Then, our news is filled with updates from top to bottom.

    In our Innards section, we dive into file and disk encryption.

  • Blame Joe | LINUX Unplugged 298

    This week we discover the good word of Xfce and admit Joe was right all along. And share our tips for making Xfce more modern.

    Plus a new Debian leader, the end of Scientific Linux, and behind the scenes of Librem 5 apps.

How to enable SSH access using a GPG key for authentication

Filed under
Linux
Security
HowTos

Many of us are familiar with Secure Shell (SSH), which allows us to connect to other systems using a key instead of a password. This guide will explain how to eliminate SSH keys and use a GNU Privacy Guard (GPG) subkey instead.

Using GPG does not make your SSH connections more secure. SSH is a secure protocol, and SSH keys are secure. Instead, it makes certain forms of key distribution and backup management easier. It also will not change your workflow for using SSH. All commands will continue to work as you expect, except that you will no longer have SSH private keys and you will unlock your GPG key instead.

Read more

GNU: FS Directory, GNOME Builder and GtkSourceView Moving to Meson

Filed under
Development
GNU
GNOME
  • The Free Software Directory needs you! IRC meetups every Friday

    The Free Software Directory is an essential catalog of free software online. The Directory is maintained by countless volunteers dedicated to the promotion of software that respects your personal liberty. As with any group composed of volunteers, the informal Directory team has people who come and go, and right now, it could really use some fresh new members to kick our efforts into high gear.

    Tens of thousands of people visit the Directory every month to discover free software and explore information about version control, documentation, and licensing. All of this information is also exported in machine-readable formats, making it a valuable source of data for the study of trends in free software. The Directory is powered by MediaWiki, the same software used by Wikipedia.

  • Builder 3.33.1

    Our first 3.33 release has landed as we move towards 3.34. There is a lot to do this cycle in case you’re interested in contributing. The best way to get started is to dive into the code. We can help you with that on IRC.

    Lots of this release is code behind the scenes, so screenshots won’t do them justice. But there are some visible goodies too.

    We got a DBus Inspector inspired by D-feet. The long term goal is to merge that new code into D-feet itself.

  • GtkSourceView moved to Meson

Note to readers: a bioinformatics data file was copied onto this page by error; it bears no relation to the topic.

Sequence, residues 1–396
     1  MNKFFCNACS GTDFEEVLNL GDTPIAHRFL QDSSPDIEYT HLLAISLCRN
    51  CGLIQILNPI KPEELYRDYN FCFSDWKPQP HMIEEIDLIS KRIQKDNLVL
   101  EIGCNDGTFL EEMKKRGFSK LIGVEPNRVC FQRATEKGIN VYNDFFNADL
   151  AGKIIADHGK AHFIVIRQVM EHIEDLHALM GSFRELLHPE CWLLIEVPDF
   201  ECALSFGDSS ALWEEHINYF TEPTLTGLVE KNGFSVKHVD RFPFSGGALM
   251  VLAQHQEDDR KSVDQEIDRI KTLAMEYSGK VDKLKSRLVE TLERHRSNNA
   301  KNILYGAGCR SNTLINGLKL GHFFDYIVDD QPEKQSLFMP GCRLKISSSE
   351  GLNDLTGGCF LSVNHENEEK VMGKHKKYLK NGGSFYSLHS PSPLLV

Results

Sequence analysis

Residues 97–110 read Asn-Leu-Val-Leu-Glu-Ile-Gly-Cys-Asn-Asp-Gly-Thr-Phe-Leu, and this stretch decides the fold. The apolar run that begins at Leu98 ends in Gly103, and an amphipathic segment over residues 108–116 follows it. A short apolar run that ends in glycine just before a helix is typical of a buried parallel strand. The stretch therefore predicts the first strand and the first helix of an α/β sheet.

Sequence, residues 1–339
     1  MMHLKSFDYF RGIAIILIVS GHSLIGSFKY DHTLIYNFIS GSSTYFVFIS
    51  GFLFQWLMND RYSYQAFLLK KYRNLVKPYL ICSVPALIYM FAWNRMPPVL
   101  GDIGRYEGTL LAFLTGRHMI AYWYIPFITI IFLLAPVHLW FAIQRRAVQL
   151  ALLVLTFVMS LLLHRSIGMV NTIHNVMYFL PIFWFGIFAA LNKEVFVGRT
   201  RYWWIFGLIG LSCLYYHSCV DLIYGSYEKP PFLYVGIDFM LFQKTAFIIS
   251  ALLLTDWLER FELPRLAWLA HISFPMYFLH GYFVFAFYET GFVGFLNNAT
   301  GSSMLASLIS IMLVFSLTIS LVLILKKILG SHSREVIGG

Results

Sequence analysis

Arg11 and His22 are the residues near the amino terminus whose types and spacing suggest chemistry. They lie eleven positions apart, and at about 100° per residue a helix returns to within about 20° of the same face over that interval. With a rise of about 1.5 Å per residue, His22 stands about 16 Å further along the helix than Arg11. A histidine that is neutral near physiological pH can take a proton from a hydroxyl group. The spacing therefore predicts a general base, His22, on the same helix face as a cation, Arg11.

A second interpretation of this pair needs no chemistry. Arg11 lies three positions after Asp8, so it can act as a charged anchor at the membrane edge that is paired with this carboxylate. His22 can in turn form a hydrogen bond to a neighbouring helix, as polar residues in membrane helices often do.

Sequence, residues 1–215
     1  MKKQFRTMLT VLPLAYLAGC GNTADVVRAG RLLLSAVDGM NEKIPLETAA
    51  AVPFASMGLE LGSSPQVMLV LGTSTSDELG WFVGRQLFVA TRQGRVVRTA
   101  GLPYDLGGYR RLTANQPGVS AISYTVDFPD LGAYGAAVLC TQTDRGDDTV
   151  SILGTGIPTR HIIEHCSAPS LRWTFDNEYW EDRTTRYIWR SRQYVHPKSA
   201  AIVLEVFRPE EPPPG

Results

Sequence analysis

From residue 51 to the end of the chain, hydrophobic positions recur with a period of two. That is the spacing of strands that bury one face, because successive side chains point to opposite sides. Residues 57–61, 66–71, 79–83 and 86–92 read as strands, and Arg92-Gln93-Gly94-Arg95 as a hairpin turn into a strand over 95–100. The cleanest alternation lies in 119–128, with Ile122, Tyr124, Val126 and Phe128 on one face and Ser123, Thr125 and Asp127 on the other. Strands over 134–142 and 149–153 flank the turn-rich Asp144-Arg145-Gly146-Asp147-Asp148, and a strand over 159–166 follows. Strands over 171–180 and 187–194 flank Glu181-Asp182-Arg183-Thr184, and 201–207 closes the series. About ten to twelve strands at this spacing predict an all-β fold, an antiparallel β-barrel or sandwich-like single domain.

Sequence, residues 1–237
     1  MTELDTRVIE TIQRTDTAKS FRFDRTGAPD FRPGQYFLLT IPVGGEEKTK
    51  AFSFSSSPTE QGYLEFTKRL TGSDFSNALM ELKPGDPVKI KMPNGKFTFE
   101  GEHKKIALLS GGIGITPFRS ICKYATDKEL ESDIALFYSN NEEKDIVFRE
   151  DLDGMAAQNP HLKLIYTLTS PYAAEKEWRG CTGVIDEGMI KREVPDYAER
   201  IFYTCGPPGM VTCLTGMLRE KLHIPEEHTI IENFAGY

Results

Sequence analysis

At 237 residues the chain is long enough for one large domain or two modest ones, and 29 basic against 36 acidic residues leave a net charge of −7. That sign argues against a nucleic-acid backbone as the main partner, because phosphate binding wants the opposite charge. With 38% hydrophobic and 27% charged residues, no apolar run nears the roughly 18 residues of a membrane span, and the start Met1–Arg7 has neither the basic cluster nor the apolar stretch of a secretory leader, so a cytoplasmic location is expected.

The master branch of GtkSourceView (what will become 4.4) has moved to meson for development. I branched gtksourceview-4-2 for patch releases of 4.2.x which will remain autotools. Today’s release of gtksourceview-4.3.1 contains both autotools and meson. However 4.3.2 will remove autotools entirely.

Ubuntu: GPD Boasting Ubuntu MATE (But Won't Preload), Adwaita Theme on Ubuntu 19.04 and Mark Shuttleworth at Open Infrastructure Summit

Filed under
Ubuntu
  • GPD Pocket 2 Max is an 8.9 inch laptop with Core m3-8100Y

    The computer features a 2560 x 1600 pixel display and it should ship with Windows 10 Home 64-bit software… although it’s interesting to see that the company’s promotional pictures show the Ubuntu MATE desktop. The folks behind that GNU/Linux-based operating system have made a habit of offering releases customized to support GPD Pocket computers.

  • How to Try the New Adwaita Theme on Ubuntu 19.04

    Learn how to enable the new Adwaita theme in Ubuntu 19.04 Disco Dingo. The updated Adwaita theme is a solid replacement for Ubuntu's Yaru theme.

  • Canonical at Open Infrastructure Summit -Denver

    Open Infrastructure Summit is coming to Denver from April 29th to May 1st, 2019. Will you be there? We sure will! Come and visit us in Booth B1!

    Canonical experts will be swarming at the event ready to answer your questions and walk you through our booth demos.

    [...]

    Canonical CEO, Mark Shuttleworth, will be keynoting on Monday, April 29 at 10:25am. Come join us in the main hall to hear Mark’s view on open infrastructure and Canonical’s approach to driving down the cost of multi-cloud.

WWW and Development

Filed under
Development
Moz/FF
OSS
Web
  • Acquisition roundabout sees Zend Framework spun off to Linux Foundation